• Self-defense: Self defense is defined as the act of using force, or threatening force, to defend yourself' when in danger of imminent harm from another person. This defense will not work if you had provoked the other person. It can only be used as a successful defense if you have a justifiable reason for using force against another person.

  • Affirmative defense: This is one of the most common assault charge defenses in Texas. Essentially, you admit to committing the actions claimed by the court, but you also provide evidence to prove why your actions were justified.

  • Attempt to dispute the evidence: Instead of admitting that you committed the actions claimed by the court, in this defense you would deny it. Additionally, you have to dispute evidence presented by the persecution, which includes witness testimony.

Do I need a lawyer?

Your attorney should always discuss the type of defense that will be taken if you face an assault charge. If you have been charged with assault and seek high quality criminal defense legal representation contact us today.

Punishments for Assault Charges

An assault conviction can change your life. Simple assault is defined as a Class A misdemeanor in Texas and is punishable by up to one year in a county jail and up to a $4,000 fine. However, if aspects of your case match up with the following, then your charge can be automatically bumped up to a more severe, third-degree felony charge:

  • You have a previous domestic violence conviction and commit assault against a family member or romantic interest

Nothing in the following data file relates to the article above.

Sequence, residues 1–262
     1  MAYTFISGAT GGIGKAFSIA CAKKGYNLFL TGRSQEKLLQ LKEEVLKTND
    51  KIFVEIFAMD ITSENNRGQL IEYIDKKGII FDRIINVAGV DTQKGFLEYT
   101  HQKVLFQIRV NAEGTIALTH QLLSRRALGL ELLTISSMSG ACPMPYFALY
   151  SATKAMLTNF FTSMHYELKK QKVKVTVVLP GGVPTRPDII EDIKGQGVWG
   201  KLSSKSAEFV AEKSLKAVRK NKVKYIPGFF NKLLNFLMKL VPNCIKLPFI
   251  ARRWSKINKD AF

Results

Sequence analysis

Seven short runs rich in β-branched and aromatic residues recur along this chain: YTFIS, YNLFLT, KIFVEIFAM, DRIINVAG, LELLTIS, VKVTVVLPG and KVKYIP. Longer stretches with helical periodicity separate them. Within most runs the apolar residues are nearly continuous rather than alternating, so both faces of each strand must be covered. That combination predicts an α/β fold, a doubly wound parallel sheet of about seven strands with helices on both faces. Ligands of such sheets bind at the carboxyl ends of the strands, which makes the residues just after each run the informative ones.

• You assault someone you know is a public servant or government contractor

  • You assault an emergency worker or security worker while they are doing their job

Typically in Texas, third-degree felonies will cost you between 2-20 years in prison and up to a $10,000 fine. If a weapon is used during the assault or if a serious injury occurs, you can be charged with aggravated assault which is a second-degree felony in Texas and can be punished by up to 20 years in prison and up to a $10,000 fine.

Secure Your Rights

When you've been charged with an assault, you need a caring legal defense team. At Carroll Troberman, PLLC, we are passionate about listening to our clients and fighting for their rights. We will work to build an aggressive strategy against the prosecution to represent your interests in court.

Blair Carroll has worked in criminal defense since graduating law school and is a member of the Texas Trial Lawyers Association and the Texas Criminal Defense Lawyers Association.

Meredith "Shelly" Troberman has experience working for both the defense and prosecution in criminal cases. She leverages her unique perspective on criminal proceedings and ample experience with the Travis County Court in each of her clients' cases.

Contact Us Today

If you've been charged with assault, you need to seek legal help immediately. The longer you wait to call an attorney, the less chance you have of getting your case dismissed. Contact Carroll Troberman, PLLC today to schedule a free consultation.